Water Resources Reform and Development Act Turns One

Last week the House Transportation Water Resources and Environment Subcommittee held a hearing to explore the progress made under the Water Resources Reform and Development Act of 2014 (WRRDA), enacted a year ago. WRRDA authorized $12.3 billion to finance water projects ranging from harbor expansion in coastal states to flood control programs in the Midwest, and sought to expedite and streamline the process for completing those projects. As we reported when WRRDA was enacted, the legislation contained innovative financing measures such as Public Private Partnerships (P3s) and the Water Infrastructure Finance and Innovation Act (WIFIA) as pilot programs. WIFIA provided up to $200 million in low-interest federal loans and guarantees for large water infrastructure projects (including those delivered through P3s) without interfering with already existing project financing through the State Revolving fund, and gave a green light to a wide variety of water projects, including storm and flood damage reduction programs and coastal harbor improvement projects.

The purpose of the hearing was to review the progress that has been made during the year since WRRDA’s enactment. Subcommittee members heard testimony from Jo-Ellen Darcy, Assistant Secretary of the U.S. Army Corps of Engineers, and Lieutenant General Thomas P. Bostick, Chief of Engineers of the Corps.

During the hearing, many Representatives commented on the somewhat slow progress in implementing WRRDA’s provisions (Grace Napolitano (D-CA), for example, noted that implementation guidance has been issued by the Army Corps for only 40% of WRRDA’s provisions. Lawmakers expressed disappointment at what they viewed as a too-slow pace on water resource projects authorized by the legislation.

Unfortunately, the bad news does not end there. In a joint statement by Transportation and Infrastructure Committee Chairman Bill Shuster (R-PA) and Subcommittee on Water Resources and Environment Chairman Bob Gibbs (R-OH) expressed regret and disappointment over the Administration’s deliberate attempts to slow down WRRDA’s implementation.  Provisions of the law such as the WIFIA program, which will provide low-interest grants and loans for water and wastewater construction; permit acceleration activities; and the public-private partnership provisions that will allow greater flexibility in financing water projects have received very little implementation attention by the Army Corps. of Engineers. This is very disparaging news.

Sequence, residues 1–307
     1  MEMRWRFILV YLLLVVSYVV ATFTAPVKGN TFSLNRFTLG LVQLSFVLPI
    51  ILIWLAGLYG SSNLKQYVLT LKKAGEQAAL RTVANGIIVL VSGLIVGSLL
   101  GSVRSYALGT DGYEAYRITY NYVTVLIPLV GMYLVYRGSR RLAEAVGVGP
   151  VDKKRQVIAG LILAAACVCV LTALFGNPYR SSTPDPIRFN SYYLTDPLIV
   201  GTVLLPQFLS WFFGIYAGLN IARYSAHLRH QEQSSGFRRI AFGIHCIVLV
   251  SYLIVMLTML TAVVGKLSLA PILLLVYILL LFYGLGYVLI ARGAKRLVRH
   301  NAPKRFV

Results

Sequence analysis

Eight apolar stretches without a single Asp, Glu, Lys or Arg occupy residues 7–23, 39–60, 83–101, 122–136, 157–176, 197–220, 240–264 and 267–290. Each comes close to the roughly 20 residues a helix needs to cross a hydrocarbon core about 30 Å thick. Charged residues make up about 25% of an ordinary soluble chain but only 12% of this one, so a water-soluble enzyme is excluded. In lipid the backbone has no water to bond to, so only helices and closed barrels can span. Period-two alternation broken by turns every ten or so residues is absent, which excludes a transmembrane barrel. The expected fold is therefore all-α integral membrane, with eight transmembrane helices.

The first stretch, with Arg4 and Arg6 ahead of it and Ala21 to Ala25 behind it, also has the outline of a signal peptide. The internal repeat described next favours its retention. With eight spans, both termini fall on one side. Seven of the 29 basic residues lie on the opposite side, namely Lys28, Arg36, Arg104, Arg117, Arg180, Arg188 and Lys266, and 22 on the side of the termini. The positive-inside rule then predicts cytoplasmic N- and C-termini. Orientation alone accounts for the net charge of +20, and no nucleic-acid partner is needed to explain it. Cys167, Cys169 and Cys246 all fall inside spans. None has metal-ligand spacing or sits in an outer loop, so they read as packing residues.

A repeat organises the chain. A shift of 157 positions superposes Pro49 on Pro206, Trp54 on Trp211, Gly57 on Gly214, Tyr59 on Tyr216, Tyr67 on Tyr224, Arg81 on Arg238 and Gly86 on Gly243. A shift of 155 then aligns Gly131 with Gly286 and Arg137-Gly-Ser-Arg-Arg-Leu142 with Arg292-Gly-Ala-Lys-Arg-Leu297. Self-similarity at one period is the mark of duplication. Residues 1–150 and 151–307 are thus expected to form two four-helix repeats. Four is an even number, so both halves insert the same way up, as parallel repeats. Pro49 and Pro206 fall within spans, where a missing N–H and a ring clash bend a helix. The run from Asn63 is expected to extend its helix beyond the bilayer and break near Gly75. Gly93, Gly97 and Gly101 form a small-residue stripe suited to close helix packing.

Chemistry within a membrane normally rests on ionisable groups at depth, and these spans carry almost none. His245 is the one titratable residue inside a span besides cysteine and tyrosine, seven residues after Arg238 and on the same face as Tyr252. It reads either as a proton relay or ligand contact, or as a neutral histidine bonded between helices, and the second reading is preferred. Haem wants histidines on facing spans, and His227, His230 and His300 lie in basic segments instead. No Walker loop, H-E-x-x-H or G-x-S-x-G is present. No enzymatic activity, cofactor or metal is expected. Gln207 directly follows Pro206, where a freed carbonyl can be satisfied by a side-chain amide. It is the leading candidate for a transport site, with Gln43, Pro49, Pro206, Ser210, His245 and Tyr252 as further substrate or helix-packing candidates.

WRRDA was a bipartisan victory for America’s infrastructure that has unfortunately lost momentum due to bureaucracy and poor implementation.  Water infrastructure projects undeniably create jobs, build vital infrastructure, and stimulate the economy in a host of ways. It is troubling that officials at the Army Corps. of Engineers would prefer to put their priorities above the health and vitality of America’s water infrastructure and economy.

At the CWC, we will continue to push for greater education of the needs and benefits of water infrastructure investment, and will continue to pressure officials who are impeding progress.


About Clean Water Council

The Clean Water Council (CWC) is a group of national organizations representing underground construction contractors design professionals, manufacturers and suppliers, labor unions and other committed to ensuring a high quality of life through sound environmental infrastructure. Working in concert, CWC's 39 national organizations, advocate federal legislation and policies that will promote clean water and improve the nation's failing infrastructure.​
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